Unified Interior Regions

Hawaii

The Pacific Region has nine USGS Science Centers in California, Nevada, and Hawaii. The Regional Office, headquartered in Sacramento, provides Center oversight and support, facilitates internal and external collaborations, and works to further USGS strategic science directions.

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Location of selected earthquakes greater than magnitude 6, Island of Hawai‘i.
November 18, 1994

Eleven years ago on November 16, residents of Hawaii were awakened by a strong earthquake at 6:13 a.m. The earthquake had a magnitude of 6.6 and was located beneath the Kaoiki Fault Zone between the summits of Mauna Loa and Kīlauea Volcanoes. 

USGS
November 11, 1994

The eruption along Kīlauea's east rift zone is approaching its twelfth anniversary, now less than two months away. The eruption continues strongly, with magma replenishment beneath the summit roughly matching eruption rates.
 

USGS
November 4, 1994

Beginning on October 21 and continuing through October 31, residents in parts of lower Puna have felt a sequence of small earthquakes. 

USGS
October 28, 1994

The nearly twelve-year-long eruption on Kīlauea's east rift zone had at least one additional pause in activity this past week.
 

USGS
October 21, 1994

Not only does Hawaii move up and down, as I described last week, it also moves horizontally. There are several ways to measure these movements, and a new, exciting technique has recently been added to the repertoire.
 

USGS
October 14, 1994

There is abundant evidence that the island of Hawaii is sinking, and that different parts of the island sink, or subside, at different rates and for different reasons. At any location, the net subsidence is the sum of these different types of subsidence and any change in global sea level.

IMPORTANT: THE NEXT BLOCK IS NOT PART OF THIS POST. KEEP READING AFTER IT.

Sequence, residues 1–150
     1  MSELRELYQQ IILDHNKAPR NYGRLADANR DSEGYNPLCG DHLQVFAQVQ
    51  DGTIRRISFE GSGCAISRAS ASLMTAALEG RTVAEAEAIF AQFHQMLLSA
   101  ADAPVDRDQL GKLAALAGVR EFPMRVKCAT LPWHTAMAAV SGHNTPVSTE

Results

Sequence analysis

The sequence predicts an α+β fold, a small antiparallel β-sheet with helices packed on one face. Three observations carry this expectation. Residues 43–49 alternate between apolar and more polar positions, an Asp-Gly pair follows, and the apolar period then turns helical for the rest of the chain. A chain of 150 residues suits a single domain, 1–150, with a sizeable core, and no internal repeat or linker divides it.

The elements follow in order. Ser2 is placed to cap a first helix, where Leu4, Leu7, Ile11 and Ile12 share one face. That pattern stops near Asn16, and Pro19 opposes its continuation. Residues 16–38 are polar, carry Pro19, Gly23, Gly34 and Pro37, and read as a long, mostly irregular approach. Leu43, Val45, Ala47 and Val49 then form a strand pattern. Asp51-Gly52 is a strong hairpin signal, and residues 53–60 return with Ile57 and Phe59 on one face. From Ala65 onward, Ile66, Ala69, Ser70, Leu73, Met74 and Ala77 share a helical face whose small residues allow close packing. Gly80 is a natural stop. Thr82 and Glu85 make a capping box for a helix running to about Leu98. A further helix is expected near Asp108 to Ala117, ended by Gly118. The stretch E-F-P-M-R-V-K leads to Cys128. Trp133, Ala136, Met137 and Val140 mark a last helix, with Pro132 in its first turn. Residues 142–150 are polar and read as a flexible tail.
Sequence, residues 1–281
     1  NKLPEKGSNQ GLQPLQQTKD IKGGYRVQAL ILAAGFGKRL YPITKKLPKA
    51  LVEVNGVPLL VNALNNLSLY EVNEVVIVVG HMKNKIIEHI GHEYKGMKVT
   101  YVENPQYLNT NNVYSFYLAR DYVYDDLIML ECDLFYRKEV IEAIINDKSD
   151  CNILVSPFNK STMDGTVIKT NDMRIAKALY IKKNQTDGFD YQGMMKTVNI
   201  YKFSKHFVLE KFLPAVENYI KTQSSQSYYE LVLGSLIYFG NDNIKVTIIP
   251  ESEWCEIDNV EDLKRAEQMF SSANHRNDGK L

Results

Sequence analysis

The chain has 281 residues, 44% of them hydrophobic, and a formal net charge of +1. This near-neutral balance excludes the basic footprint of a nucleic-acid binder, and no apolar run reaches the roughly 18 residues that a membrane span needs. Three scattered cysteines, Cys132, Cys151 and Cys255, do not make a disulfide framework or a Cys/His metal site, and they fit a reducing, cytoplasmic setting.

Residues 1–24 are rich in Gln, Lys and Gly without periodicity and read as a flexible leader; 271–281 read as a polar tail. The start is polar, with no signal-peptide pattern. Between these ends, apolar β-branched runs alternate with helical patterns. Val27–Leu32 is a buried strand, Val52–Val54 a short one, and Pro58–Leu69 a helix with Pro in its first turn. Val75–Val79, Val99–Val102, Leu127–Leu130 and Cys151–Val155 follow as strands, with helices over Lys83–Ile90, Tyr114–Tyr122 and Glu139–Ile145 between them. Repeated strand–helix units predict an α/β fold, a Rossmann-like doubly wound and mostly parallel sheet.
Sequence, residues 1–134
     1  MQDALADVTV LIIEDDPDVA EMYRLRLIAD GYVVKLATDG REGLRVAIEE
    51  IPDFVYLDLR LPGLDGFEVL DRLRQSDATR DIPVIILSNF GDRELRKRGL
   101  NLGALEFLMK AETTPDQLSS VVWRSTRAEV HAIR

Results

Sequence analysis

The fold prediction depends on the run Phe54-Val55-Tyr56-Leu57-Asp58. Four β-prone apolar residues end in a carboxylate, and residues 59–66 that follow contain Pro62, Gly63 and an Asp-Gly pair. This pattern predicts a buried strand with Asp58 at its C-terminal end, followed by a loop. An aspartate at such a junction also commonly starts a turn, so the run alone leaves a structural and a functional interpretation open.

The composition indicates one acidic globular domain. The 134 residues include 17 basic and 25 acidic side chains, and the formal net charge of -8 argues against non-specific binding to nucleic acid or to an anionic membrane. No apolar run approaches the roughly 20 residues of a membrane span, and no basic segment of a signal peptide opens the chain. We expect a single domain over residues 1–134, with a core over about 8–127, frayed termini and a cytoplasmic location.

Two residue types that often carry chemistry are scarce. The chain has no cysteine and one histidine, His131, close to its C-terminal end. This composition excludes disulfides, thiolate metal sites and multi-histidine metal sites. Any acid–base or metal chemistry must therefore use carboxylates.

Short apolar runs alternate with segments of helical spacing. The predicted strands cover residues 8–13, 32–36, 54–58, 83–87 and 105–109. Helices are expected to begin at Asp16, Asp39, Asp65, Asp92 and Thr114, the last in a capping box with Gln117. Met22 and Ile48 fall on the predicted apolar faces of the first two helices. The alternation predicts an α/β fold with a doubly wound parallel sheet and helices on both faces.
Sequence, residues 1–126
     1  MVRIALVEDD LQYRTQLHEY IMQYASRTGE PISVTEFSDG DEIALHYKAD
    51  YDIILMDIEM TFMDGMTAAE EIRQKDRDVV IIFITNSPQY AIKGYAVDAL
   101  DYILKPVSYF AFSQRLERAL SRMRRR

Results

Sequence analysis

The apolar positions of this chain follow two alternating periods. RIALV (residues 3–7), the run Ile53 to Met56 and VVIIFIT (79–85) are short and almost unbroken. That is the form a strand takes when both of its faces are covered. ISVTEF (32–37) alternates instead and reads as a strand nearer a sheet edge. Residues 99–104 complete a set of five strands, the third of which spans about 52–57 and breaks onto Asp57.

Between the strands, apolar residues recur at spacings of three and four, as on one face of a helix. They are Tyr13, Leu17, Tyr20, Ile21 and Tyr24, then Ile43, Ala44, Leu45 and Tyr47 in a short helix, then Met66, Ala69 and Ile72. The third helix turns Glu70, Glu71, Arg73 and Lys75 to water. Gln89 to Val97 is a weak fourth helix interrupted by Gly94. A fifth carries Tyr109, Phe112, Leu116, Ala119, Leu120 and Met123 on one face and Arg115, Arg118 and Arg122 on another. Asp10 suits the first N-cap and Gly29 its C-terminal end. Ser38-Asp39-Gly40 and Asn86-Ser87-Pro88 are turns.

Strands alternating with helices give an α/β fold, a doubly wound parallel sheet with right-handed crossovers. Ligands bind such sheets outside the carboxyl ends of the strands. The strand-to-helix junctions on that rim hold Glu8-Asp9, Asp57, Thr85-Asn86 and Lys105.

USGS
October 7, 1994

The nearly 12-year-long eruption on Kīlauea's east rift zone took a short vacation this past week. No lavaerupted between Wednesday morning and Thursday afternoon, when lava once again reoccupied the same tube to the western ocean entry at Laeapuki and a small channelized 'a'a flow broke out of the tube in the center of the flow field above Kamoamoa. 

USGS
September 30, 1994

In Hawaii, the U.S. Geological Survey's (USGS) Hawaiian Volcano Observatory (HVO) is known for its work in Hawaiian volcano monitoring and hazards assessment and in conveying information to the public and to other government agencies.
 

USGS
September 23, 1994

Rabaul caldera, an active volcano located on the northern tip of New Britain island in Papua New Guinea, erupted violently this past week.

USGS
September 16, 1994

The Hawaiian Volcano Observatory is located on the northwest rim of Kīlauea caldera adjacent to the Jagger Museum. Because of its location within Hawaii Volcanoes National Park, many people have the mistaken impression that the Observatory is administered by the National Park Service. 

USGS
September 9, 1994

Kīlauea's east rift zone eruption at Pu'u 'O'o, which began in January 1983, continues. Lava is actively circulating in a pond inside the Pu'u 'O'o cone.

USGS
September 2, 1994

About nine months ago I wrote about a scientific drill hole in Hilo that was funded by the National Science Foundation to examine the long-term growth of a Hawaiian volcano.